Replacing human observers

Their biggest advantage by far, according to SnapIT’s Chris Rodley, is replacing the need for human observers. Over the last year human observation on vessels has had to be cut back due to the pandemic, so this advantage is also particularly timely.

‘In the current climate it’s ridiculous for fishermen to take someone they have never met on board their vessel and be expected to share a bunk or living quarters with them,’ he said. ‘Not to mention the cost of human observers, which is about USD$850 a day. The adoption of digital technology is safer and more cost-effective. When you compare USD$850 a day against cameras, which might be USD$70 for a three-day trip, that’s a significant saving.’

But fishermen have expressed concerns about the roll-out of a technology that they say could end any pretence of privacy in the workplace. Some said that it felt invasive, making them feel observed and untrusted, while there may also be security concerns over access to the data and storage, or distrust in the effectiveness of the cameras themselves.

The New Zealand government aims to install cameras on 80% of its inshore fishing fleet. Image: SnapIT

Depending on the compliance environment and value of the fishery, there is also likely to be a pattern in the number of fisheries that welcome cameras and those that don’t. A fishery with a heavy compliance load and staff who can see a cost reduction by adopting cameras is likely to show interest, while cameras may be a harder sell among fisheries where there isn’t as heavy a compliance requirement.

Fishermen have expressed concerns about the roll-out of a technology that they say could end any pretence of privacy in the workplace. Image: SnapIT

The importance of protecting crew privacy cannot be underestimated, Chris Rodley added.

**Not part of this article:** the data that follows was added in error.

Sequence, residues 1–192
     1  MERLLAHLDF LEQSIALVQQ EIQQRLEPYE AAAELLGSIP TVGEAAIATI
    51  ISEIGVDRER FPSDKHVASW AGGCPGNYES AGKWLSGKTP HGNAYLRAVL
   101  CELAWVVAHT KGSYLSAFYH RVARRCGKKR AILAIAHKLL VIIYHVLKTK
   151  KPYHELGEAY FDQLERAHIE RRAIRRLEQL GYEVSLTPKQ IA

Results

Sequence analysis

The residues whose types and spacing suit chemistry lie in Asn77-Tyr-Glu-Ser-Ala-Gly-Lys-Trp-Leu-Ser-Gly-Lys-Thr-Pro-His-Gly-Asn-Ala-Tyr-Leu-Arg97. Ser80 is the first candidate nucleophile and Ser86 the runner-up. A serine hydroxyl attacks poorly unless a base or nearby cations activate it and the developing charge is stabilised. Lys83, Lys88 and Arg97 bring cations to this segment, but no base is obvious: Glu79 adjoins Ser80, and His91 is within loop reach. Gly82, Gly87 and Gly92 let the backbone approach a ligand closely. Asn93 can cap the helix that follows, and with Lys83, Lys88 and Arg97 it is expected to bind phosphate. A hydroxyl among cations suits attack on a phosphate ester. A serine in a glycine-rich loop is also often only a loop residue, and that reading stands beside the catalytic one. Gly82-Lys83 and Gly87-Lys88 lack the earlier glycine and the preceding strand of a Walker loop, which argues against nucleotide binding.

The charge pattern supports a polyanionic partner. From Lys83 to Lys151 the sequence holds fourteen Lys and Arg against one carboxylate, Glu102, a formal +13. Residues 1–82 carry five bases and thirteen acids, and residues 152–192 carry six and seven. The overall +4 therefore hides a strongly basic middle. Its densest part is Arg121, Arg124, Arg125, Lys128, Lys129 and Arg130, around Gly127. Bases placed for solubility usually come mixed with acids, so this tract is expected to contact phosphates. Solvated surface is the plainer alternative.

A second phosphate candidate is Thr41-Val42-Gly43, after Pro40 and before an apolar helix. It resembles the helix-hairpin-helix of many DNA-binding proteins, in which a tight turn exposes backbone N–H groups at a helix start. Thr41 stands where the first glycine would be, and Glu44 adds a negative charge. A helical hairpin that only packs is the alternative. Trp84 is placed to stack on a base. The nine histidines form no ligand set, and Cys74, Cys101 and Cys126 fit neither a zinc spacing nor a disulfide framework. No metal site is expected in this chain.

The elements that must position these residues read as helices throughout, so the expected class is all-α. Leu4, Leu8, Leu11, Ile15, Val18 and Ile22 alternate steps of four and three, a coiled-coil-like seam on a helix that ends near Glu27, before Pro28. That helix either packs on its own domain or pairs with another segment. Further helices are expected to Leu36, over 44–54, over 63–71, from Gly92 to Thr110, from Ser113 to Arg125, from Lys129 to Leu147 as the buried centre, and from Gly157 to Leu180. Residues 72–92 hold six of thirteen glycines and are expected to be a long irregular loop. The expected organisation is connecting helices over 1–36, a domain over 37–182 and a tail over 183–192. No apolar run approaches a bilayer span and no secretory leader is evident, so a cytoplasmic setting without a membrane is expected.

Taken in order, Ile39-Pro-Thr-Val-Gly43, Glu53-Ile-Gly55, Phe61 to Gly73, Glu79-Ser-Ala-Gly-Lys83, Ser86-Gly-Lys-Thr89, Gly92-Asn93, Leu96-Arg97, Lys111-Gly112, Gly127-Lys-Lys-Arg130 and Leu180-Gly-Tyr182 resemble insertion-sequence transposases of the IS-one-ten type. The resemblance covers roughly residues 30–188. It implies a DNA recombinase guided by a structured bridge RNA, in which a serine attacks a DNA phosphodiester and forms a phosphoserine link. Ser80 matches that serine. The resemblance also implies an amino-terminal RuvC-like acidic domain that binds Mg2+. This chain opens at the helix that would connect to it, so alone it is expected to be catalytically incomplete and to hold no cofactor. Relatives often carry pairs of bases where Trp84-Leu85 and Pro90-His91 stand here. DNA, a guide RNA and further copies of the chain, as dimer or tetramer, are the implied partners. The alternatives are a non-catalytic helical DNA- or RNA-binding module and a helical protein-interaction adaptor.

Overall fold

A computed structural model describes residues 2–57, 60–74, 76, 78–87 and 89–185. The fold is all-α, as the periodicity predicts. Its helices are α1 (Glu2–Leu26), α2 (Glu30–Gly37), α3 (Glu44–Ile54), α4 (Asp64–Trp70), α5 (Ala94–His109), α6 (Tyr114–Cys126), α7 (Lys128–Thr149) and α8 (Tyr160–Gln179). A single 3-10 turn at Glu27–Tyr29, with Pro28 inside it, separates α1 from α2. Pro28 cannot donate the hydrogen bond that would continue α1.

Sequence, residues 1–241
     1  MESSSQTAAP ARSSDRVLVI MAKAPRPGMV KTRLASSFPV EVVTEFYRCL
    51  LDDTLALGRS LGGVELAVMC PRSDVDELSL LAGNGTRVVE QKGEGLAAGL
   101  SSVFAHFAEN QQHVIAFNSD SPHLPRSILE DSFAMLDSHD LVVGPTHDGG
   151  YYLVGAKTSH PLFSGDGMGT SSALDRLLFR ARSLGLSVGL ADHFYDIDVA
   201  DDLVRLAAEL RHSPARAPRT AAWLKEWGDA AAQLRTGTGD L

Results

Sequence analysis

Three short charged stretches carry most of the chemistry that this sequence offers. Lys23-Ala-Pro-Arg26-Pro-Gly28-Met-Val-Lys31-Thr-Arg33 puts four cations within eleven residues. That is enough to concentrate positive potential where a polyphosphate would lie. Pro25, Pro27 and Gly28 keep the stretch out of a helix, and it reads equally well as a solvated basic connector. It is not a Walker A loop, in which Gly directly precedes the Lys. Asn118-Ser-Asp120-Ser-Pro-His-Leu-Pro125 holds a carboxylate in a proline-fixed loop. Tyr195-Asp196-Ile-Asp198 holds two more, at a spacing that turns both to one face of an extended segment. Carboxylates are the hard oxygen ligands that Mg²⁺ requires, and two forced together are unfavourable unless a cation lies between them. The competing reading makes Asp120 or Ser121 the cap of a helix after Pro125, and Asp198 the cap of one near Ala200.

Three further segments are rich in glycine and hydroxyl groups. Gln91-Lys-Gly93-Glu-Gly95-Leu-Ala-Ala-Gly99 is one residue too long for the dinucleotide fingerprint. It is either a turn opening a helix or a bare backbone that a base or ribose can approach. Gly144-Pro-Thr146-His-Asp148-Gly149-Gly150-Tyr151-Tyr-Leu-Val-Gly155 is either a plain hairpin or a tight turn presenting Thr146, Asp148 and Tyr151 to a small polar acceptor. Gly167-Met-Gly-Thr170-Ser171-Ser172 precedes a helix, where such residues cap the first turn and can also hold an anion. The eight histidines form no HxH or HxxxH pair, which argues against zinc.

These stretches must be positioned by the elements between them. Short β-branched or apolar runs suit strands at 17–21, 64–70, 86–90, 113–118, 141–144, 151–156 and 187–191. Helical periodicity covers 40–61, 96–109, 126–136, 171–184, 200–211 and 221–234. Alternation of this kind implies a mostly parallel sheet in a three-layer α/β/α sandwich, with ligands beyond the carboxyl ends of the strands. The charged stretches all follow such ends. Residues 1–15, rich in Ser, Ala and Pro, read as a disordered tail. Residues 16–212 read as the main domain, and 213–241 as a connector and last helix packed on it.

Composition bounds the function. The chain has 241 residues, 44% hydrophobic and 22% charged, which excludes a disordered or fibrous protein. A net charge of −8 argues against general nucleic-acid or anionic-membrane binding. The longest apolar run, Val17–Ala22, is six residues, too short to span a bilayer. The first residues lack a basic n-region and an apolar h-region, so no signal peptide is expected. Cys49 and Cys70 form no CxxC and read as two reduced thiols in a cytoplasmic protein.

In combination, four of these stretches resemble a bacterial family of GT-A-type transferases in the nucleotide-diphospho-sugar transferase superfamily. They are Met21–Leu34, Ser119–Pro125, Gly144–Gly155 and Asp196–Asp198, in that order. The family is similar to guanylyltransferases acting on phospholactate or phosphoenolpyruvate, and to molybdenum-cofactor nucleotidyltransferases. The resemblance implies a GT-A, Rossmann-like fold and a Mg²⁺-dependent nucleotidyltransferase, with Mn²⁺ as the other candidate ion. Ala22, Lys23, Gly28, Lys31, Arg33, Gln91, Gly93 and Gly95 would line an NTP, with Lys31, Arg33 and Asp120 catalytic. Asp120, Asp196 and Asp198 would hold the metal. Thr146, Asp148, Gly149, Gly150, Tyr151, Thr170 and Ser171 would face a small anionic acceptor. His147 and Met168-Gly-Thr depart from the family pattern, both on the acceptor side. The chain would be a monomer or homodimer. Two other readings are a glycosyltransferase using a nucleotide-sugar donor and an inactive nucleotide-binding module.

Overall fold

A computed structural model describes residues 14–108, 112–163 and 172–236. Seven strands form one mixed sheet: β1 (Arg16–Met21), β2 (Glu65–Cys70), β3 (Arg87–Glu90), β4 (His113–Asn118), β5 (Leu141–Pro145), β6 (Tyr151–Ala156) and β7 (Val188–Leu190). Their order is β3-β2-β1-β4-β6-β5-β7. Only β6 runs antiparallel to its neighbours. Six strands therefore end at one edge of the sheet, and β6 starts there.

‘It’s a huge issue and it’s also vital that the fishermen own the video that they produce,’ he said.

‘It’s key that we respect their privacy and require legislation for them to submit their data to regulators if they need to. In order to rectify fishermen’s concerns, it is also important for us to only put the cameras where they need to be, so they are only looking at the things that they need to look at. Sometimes people can get carried away and want to capture every square centimetre of a boat. For some fishing operations this might be appropriate but in most cases it isn’t. It has to be done in a way that is considerate of a fishery’s business and operations and I believe that is possible.’

SnapIT is gearing up for a significant camera rollout which is expected in 2022, following plans announced by the New Zealand government to install cameras in 80% of its inshore fishing fleet, almost 430 vessels. Information gathered through the cameras will support fisheries management and compliance with fisheries rules.

By providing a low cost, low maintenance and innovative solution to fisheries, Chris Rodley and his team are aiming to ensure that fisheries resources can be managed sustainably into the future.

The SnapIT team. Image: SnapIT

‘What we are talking about is a dramatic shift in the way fisheries monitoring is done, and our work needs to be managed appropriately,” he said.

‘I believe electronic monitoring is going to be more accepted and eventually become the norm but it is a dramatic change. There are a lot of benefits for those who embrace this change and we want to really highlight those. We want to see a cost reduction for fishermen, we want them to be able to justify their fishing and not have to mess around with other problems and we want to allow some radical early adopters to look at ways in which they can differentiate themselves by utilising our tech.’